at Makerere University, who came up with the present day flag. This flag was selected at the cabinet, not committee level as originally planned,” Kajubi said.
Provisional flag rejected
While some believe the provisional flag was rejected due to political intrigue, the late Ibingira said it was discarded on technical grounds following advice from the flag’s manufacturers, Messrs Porter Bros.
The manufacturers reportedly said the green colour was pale and would fade fast in Uganda’s hot sun, while the blue didn’t match anything Ugandan.
Consequently on May 8, the UPC/KY cabinet met in Entebbe and appointed a sub-committee chaired by Ibingira with the then health minister Dr. E.B.S Lumu, information minister Adoko Nekyon and regional administrator, the late Cuthbert Obwangor as members.
Since Ibingira was also an artist, the committee reportedly requested him to make the selections and submit samples, of which two were shortlisted.
At a full cabinet meeting in Entebbe on May 16, 1962, the current flag was chosen and also endorsed by the committee’s artistic advisor, Prof. Cecil Todd.
The criteria for choosing the flag included being cheap and easy to produce being different from the other flags, according to Ibingira. He adds that he included the Uganda Crane as well because of its gentle qualities and the fact that it was already a national symbol being used on the colonial flag and also present on the provisional flag.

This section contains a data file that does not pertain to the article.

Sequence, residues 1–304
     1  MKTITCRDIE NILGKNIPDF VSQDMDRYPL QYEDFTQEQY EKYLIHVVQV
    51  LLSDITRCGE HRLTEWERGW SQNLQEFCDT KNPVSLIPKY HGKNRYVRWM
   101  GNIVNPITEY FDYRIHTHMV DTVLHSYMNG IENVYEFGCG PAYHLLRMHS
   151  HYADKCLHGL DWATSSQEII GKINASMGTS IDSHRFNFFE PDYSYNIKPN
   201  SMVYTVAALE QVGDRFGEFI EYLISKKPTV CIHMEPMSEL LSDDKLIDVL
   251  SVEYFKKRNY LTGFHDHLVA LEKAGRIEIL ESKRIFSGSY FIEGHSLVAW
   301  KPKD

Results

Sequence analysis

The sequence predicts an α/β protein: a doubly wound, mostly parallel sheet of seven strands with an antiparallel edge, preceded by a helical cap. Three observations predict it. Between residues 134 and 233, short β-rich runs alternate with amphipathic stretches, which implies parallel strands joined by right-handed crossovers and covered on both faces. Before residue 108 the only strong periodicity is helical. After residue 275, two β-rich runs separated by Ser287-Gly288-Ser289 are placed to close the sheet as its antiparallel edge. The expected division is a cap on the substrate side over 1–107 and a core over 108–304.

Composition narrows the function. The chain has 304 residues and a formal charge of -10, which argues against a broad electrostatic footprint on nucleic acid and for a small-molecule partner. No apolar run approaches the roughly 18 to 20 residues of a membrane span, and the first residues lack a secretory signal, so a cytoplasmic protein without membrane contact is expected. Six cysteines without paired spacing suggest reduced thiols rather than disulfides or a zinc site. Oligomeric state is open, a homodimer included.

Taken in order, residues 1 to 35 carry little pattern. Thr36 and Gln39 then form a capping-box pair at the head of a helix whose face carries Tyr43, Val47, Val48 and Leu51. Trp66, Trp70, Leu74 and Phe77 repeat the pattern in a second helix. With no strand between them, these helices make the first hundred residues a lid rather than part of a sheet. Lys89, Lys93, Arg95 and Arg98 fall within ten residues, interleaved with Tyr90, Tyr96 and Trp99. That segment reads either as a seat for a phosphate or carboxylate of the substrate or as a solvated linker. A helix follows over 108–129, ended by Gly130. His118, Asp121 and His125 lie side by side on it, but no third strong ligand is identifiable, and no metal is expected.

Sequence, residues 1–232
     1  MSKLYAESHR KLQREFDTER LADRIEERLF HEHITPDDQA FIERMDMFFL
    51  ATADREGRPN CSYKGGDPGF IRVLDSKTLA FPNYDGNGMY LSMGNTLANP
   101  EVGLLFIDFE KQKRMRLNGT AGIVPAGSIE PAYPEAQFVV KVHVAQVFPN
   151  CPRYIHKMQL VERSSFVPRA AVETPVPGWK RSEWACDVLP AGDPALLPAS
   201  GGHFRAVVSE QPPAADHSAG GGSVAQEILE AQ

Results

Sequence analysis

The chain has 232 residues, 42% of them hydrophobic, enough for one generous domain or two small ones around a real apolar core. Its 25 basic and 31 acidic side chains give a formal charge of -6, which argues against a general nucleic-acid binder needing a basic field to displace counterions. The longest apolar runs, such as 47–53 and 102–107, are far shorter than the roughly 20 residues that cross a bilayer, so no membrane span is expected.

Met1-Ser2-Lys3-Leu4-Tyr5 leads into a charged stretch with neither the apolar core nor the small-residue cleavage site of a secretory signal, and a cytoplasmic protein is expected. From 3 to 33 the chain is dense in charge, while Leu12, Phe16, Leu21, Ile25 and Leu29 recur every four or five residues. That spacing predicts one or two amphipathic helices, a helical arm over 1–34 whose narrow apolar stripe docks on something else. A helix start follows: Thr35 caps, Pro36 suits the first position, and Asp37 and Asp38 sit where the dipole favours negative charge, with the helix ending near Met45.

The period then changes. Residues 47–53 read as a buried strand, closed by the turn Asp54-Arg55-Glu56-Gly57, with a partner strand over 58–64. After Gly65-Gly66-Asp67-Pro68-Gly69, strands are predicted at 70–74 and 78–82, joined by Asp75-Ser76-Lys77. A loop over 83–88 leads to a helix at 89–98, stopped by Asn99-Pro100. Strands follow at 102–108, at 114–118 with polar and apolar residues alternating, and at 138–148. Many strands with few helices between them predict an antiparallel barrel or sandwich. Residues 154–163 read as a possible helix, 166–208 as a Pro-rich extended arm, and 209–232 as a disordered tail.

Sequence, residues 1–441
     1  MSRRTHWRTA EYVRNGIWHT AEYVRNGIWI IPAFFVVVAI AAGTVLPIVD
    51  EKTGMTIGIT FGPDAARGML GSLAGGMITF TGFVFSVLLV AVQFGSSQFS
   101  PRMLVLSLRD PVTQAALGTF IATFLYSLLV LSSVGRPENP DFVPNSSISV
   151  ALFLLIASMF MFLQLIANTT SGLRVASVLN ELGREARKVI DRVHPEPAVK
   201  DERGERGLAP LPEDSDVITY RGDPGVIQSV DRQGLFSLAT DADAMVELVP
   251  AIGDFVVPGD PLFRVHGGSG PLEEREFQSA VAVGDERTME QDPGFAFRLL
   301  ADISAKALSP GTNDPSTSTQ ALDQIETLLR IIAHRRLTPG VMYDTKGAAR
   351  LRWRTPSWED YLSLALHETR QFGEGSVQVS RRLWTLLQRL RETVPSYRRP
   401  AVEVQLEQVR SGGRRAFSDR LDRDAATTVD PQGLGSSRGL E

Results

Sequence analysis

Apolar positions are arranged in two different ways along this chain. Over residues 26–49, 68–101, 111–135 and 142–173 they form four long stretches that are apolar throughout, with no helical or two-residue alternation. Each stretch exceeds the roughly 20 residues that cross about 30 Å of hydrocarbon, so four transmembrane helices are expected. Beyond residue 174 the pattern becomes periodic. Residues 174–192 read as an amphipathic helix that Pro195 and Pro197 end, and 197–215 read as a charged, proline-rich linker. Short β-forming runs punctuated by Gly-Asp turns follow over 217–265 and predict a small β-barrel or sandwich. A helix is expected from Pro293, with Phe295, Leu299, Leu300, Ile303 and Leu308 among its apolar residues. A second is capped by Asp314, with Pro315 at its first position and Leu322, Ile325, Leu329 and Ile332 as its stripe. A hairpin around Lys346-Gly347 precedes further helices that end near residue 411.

The Nyai Matia claim
Picking a cue from the late Prof. George William Kakoma, who sued the government demanding compensation for composing the national anthem, Nyai Matia claims his idea was stolen by the committee that selected the Uganda flag.
Born January 1, 1933 in Koi village in Maracha, Nyai says he was among the many Ugandans who responded to radio announcements of a national competition to design the national flag. “My design was black on the top and yellow and red aligned in equal horizontal shades,” recalls the former teacher.
“Black stood for the African people and land, yellow for sunshine on the tropical equator zone, red for bloodshed in the struggle for Uganda’s peace and self-determination.”
Nyai Matia adds: “In May 1961, another announcement was made calling on the participants to improve on their designs or submit new one. At this point, I decided that I should double each colour band and insert a crested crane as a national symbol in the middle.”
Nyai Matia said after that, the internal affairs ministry kept the results under wraps until on the eve of independence celebrations when the media announced the colours of the new national flag without mentioning the designer. He was filled with joy and awaited a reward as had been promised. But the reward is yet to come.
Payments to composers?
However, Kajubi, the committee chairperson said the announcements for the submissions of national symbols never mentioned any rewards for the winners.
“Our mandate was to receive and select the best item. And the adverts never stipulated what one was to receive in return. It was upon the Cabinet to decide what they were to give to the winners but no reward was mentioned to the best of my memory,” Kajubi clarified.